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Japan's New Law Targets Big Tech Monopolies, Promising Fairer Competition and Lower App Prices

A Beacon of Hope for Third-Party App Developers in Japan

NEWS  News  June 14, 2024  Reading time: 2 Minute(s)

mdo Max (RS editor)

In the app store market, competing with the robust ecosystems of Google and Apple has long seemed an insurmountable challenge for third-party developers. This is primarily due to the dominant positions held by these tech giants, which allow them to prioritize their own app stores and impose restrictive terms on competitors. 


However, regulatory bodies around the world are beginning to take steps to level the playing field. Following in the footsteps of the European Union, Japan has now adopted new legislation aimed at fostering competition and driving down app prices.

In May, Japan's House of Representatives passed a bill designed to stimulate competition in the app store market. This Wednesday, the bill received final approval from the House of Councillors. As a result, the legislation is now set to become law without needing the Emperor's seal, marking a significant milestone in Japan's regulatory landscape.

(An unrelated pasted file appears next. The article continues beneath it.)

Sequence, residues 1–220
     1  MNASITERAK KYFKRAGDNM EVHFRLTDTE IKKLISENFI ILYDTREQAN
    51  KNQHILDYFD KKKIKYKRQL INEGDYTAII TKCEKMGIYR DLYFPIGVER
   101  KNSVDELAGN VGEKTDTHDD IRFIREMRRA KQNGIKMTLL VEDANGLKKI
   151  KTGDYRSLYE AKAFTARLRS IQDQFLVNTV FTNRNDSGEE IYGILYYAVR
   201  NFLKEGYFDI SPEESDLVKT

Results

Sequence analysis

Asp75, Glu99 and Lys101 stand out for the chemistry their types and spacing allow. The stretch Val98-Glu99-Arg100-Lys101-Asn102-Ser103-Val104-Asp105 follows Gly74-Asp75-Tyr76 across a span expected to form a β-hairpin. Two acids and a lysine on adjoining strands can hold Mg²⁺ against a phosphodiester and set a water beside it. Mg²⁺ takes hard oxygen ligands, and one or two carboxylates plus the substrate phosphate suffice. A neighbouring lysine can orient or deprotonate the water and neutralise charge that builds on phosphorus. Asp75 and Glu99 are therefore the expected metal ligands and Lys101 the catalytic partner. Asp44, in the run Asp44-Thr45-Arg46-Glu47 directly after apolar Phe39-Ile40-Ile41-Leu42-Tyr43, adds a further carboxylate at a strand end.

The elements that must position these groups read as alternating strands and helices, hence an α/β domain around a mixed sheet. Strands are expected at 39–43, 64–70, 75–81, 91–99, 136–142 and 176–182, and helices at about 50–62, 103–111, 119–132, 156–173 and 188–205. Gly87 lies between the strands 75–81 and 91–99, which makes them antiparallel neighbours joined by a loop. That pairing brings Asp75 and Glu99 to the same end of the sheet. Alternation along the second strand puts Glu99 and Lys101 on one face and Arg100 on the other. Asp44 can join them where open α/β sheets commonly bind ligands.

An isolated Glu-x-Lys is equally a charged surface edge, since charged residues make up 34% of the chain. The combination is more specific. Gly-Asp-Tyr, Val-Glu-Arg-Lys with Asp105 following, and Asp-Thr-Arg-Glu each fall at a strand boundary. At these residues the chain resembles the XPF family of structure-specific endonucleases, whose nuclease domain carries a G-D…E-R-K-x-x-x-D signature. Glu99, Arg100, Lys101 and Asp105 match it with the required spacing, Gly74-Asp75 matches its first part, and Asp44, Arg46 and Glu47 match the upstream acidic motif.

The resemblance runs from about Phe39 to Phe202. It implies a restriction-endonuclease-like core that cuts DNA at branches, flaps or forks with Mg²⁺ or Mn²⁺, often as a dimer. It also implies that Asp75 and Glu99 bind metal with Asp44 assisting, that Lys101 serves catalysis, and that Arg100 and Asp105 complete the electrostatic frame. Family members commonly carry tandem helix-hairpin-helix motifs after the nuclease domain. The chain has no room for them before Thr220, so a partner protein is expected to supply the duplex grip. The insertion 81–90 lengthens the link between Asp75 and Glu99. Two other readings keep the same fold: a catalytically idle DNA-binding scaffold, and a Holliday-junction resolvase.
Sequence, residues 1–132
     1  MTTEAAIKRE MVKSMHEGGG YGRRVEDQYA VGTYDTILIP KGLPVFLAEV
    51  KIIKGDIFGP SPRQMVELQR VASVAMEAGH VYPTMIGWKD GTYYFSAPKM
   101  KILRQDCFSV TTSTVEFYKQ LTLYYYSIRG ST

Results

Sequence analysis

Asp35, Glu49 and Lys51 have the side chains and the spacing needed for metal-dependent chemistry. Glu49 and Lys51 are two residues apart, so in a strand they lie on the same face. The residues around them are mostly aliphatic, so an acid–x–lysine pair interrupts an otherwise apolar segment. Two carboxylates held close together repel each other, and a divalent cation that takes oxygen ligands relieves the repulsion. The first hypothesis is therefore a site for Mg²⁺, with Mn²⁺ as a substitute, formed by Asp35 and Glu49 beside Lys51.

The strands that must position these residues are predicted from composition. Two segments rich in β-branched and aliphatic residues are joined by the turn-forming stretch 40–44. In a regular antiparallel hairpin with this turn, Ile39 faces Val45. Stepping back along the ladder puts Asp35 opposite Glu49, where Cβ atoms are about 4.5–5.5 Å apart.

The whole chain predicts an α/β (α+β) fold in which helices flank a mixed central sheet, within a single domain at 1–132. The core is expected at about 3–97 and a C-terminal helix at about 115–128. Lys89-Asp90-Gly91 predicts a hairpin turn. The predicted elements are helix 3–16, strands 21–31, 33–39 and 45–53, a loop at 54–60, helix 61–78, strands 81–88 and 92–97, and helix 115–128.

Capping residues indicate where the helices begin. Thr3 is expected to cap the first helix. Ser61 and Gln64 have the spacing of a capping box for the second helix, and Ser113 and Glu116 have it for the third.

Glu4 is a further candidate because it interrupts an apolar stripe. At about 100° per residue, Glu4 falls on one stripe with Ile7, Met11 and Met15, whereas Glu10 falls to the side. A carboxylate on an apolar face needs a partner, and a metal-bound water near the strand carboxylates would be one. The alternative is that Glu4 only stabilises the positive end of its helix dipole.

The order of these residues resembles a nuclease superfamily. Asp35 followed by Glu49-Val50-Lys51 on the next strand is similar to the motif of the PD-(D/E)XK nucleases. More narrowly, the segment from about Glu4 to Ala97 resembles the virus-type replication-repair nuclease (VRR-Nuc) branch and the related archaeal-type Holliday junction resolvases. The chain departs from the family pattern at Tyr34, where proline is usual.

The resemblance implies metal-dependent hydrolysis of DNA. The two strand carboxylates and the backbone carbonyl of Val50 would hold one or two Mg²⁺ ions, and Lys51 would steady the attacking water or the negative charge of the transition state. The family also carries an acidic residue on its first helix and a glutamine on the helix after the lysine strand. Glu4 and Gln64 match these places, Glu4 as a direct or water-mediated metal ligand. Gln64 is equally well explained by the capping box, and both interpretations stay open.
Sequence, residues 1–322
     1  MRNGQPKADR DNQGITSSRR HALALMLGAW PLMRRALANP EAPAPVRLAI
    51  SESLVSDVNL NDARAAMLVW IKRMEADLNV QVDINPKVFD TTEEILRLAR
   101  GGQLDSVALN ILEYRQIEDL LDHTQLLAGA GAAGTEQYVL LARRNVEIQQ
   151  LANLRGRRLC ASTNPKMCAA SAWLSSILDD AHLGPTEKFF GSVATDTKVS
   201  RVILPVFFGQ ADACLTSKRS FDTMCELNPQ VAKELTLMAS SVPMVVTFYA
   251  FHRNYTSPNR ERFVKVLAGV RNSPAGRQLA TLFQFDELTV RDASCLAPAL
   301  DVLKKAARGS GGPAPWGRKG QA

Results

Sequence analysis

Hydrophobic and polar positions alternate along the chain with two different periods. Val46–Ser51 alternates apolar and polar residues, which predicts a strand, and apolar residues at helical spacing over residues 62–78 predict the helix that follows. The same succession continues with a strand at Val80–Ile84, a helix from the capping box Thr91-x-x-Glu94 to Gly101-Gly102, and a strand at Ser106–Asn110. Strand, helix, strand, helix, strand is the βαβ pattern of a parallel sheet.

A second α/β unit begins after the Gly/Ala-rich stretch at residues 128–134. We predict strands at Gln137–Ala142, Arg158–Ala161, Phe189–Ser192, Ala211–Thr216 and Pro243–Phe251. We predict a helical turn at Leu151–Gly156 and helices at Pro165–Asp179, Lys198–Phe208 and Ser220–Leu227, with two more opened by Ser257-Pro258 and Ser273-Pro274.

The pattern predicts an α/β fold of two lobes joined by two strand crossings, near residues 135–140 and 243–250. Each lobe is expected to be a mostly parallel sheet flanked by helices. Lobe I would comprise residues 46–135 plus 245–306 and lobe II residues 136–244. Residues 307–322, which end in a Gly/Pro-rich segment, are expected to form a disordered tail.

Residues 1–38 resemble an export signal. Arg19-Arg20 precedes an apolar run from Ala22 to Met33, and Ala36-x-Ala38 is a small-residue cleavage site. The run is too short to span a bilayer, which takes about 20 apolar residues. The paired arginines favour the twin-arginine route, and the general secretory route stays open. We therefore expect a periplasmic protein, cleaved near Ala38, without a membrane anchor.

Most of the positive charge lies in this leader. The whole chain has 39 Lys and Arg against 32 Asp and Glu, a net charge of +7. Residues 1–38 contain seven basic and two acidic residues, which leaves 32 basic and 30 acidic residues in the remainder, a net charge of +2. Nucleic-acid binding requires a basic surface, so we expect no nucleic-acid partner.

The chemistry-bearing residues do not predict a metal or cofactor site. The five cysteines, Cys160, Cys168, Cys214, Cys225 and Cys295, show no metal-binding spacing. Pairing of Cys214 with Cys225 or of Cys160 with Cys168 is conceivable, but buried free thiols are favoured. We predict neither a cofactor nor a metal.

The new law imposes stringent penalties on big tech companies that prioritize their own app store services to the detriment of third-party developers. Companies found guilty of such practices will face fines amounting to 20% of the domestic revenue of the offending service for the first violation. If they fail to rectify their conduct, the fine can increase to 30%. This regulatory framework aims to dismantle the barriers that have long stifled competition and innovation in the app store market.

Enforcement of the law will be overseen by the Japanese Fair Trade Commission, which will compile a list of companies subject to the new regulations. These companies will be required to submit annual compliance reports, ensuring ongoing adherence to the law. While it is almost certain that Google and Apple will be included on this list, the enforcement of fines is not expected before the end of 2025.





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